Play a polychord on a piano by simultaneously playing two scales vertically, one on top of the other, and you'll gain a better sense and appreciation of what these trailblazers were doing on their instruments that was so difficult for the average instrumentalist to come to terms with. And that's only a beginning of what they were actually creating on their instruments. These guys were nothing short of brilliant musicians. They deserve to be acknowledged for their unique artistry.
KOB, as one poster finally pointed out, was a groundbreaking recording because of its exploration of modal harmony. Other artists had been exploring this harmony before Miles decided upon this format for KOB. But KOB's success could be exclusively attributed to the wide use of modal harmony and perhaps the influence and impact modal harmony has upon the ear of the listener. Cannonball Adderly is a complete, lest I say it, bebop player, but stylistically he's tamer on the ears than many that came before him. And even using basic modal forms and scales these technically gifted musicians collectively came together and turned something basic into something brilliant that has withstood the test of time. There aren't alot of albums one can listen to that if you didn't know any better they'd thought it was recorded today. KOB is timeless in that regard...as are many others.
Heck, I couldn't imagine life without Dexter Gordon, another bona fide and complete bebop player.
KOB is one of my all time favs...to label anything 'the best' is futile as likes and dislikes vary widely. But it's unequivically the all time 'best' selling jazz album, there's no argument in that. Geez, between digital rereleases and albums I own more copies of KOB than any other album. It's certainly one I can put on and allow the repeat to play over and again without fatigue.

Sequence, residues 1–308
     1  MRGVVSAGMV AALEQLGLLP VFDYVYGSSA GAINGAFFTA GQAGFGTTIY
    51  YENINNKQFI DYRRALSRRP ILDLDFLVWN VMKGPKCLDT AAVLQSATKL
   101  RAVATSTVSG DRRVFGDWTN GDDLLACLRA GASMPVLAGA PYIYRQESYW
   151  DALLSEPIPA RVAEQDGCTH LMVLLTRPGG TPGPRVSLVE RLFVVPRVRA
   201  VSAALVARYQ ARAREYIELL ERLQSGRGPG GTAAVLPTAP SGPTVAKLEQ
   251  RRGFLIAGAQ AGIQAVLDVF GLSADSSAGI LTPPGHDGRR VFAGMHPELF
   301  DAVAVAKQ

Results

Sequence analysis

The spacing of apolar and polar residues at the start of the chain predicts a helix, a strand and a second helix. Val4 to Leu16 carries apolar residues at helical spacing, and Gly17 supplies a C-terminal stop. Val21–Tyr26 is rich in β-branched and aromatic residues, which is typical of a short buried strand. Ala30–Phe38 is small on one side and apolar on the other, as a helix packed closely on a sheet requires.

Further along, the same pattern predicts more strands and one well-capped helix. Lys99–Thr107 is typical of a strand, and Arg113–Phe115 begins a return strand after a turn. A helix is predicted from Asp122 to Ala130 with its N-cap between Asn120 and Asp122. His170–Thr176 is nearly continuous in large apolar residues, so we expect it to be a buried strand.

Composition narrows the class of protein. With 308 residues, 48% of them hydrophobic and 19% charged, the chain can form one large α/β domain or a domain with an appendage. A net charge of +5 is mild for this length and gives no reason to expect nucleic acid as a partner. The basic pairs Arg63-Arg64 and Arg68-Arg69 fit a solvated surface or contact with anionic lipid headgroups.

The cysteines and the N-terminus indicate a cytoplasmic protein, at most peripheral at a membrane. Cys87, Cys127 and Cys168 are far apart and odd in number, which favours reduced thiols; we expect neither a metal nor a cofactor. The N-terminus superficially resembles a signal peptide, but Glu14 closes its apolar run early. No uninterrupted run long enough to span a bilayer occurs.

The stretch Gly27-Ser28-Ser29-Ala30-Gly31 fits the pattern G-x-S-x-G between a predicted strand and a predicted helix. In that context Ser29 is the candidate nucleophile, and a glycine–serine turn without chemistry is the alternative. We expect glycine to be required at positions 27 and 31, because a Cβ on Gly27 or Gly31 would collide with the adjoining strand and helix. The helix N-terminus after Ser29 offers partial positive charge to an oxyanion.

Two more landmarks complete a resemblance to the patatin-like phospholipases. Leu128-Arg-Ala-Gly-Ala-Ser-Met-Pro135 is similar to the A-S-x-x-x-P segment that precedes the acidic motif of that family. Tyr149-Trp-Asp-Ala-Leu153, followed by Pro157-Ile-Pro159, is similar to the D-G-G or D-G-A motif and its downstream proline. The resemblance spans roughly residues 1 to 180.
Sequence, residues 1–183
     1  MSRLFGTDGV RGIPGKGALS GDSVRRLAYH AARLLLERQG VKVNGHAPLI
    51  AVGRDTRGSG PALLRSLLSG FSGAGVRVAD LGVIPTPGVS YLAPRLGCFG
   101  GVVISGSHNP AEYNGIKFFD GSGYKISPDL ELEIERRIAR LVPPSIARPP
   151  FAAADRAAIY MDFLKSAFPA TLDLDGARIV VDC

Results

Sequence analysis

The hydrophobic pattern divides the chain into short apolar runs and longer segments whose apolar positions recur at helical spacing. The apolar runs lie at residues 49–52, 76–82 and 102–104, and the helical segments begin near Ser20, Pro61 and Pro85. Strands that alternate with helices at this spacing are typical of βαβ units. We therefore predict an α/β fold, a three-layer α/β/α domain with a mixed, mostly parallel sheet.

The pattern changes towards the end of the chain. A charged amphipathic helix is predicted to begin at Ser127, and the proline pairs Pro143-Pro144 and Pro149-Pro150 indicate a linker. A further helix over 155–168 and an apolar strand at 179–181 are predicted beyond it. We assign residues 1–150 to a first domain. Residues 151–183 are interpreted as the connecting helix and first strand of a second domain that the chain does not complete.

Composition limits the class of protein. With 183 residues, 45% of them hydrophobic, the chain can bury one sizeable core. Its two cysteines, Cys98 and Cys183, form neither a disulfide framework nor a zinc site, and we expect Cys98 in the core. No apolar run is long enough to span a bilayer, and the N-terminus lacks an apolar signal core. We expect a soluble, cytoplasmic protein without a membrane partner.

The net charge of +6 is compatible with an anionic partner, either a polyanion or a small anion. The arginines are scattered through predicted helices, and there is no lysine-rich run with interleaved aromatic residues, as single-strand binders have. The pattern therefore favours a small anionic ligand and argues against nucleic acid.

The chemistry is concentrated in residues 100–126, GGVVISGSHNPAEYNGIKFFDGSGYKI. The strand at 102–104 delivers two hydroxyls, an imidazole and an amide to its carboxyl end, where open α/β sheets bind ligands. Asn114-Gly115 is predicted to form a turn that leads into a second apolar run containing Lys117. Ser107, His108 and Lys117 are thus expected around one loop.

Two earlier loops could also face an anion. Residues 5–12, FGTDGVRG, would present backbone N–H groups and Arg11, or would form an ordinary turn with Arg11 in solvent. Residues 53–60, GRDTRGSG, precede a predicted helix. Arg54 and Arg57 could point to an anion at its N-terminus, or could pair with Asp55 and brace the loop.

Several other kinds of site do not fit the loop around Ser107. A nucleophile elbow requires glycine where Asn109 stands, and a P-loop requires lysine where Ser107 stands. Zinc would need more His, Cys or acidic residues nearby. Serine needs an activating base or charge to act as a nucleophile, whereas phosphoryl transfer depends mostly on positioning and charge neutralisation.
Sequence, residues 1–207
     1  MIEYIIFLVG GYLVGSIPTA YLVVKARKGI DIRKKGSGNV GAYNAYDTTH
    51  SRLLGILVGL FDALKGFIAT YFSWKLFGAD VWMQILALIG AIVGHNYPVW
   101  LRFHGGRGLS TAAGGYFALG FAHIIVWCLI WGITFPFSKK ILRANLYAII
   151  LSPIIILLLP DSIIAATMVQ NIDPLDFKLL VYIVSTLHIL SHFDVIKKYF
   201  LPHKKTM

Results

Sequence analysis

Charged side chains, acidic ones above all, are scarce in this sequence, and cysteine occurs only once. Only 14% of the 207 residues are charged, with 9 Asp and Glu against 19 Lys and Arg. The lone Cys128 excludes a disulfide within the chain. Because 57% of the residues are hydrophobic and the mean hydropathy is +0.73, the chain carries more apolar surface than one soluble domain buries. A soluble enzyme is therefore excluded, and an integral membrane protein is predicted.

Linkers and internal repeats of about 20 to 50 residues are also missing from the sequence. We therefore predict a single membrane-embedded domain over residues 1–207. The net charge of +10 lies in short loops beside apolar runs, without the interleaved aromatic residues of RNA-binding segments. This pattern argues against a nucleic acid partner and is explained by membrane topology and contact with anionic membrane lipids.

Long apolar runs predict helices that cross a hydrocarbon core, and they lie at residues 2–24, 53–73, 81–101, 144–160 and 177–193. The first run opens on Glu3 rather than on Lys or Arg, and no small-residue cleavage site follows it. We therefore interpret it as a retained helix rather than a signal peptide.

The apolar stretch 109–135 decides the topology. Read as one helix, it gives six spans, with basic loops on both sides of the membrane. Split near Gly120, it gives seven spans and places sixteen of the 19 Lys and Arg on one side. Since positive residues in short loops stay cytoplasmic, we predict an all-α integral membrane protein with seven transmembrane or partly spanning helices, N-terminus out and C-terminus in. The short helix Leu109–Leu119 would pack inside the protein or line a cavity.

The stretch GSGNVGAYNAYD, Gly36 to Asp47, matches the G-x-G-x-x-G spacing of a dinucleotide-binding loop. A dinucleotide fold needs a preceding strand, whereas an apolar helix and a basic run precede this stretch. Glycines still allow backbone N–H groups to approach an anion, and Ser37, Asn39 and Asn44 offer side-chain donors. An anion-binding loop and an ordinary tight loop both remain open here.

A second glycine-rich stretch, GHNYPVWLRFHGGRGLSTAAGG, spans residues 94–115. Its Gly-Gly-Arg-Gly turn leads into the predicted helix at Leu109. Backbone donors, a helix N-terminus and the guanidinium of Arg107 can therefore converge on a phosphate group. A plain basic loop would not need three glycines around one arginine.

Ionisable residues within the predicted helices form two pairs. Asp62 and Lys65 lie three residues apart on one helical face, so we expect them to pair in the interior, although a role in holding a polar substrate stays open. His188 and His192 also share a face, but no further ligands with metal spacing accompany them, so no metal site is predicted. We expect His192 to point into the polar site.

My apologies for sounding harsh in my remarks, but as a hobbyist musician nothing gets my dander up more than listening to ignorance on behalf of an ill informed uneducated public when it comes to jazz in general. Is there little wonder Japan and Europe have supported Jazz for decades but the american listener by and large is completely absent. What's that say about the intelligence of the average listener in this society? But that's a whole 'nother pandora's box, so I leave that one alone.
"Kind of Blue" deserves all the praise heaped upon it, but in a way it somewhat sad. The album represents what Miles and the other musicians were doing on two sessions in 1959. Six months earlier or six months later the band would have produced a different album. They and the music were constantly changing and evolving. "Kind of Blue" is a single frame taken from movie by a band that probably didn't record its best performances.